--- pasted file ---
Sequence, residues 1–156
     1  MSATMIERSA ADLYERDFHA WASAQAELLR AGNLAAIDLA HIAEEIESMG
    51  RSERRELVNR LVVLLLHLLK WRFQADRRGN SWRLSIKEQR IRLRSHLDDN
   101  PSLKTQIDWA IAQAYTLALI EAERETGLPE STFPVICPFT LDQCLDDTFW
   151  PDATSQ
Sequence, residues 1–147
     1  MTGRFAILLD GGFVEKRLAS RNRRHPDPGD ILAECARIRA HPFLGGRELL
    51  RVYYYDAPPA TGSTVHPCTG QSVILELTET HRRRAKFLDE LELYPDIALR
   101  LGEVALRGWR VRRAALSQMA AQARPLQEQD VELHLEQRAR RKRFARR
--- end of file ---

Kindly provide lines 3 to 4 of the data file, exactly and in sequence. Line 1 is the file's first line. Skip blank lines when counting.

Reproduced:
    51  RSERRELVNR LVVLLLHLLK WRFQADRRGN SWRLSIKEQR IRLRSHLDDN
   101  PSLKTQIDWA IAQAYTLALI EAERETGLPE STFPVICPFT LDQCLDDTFW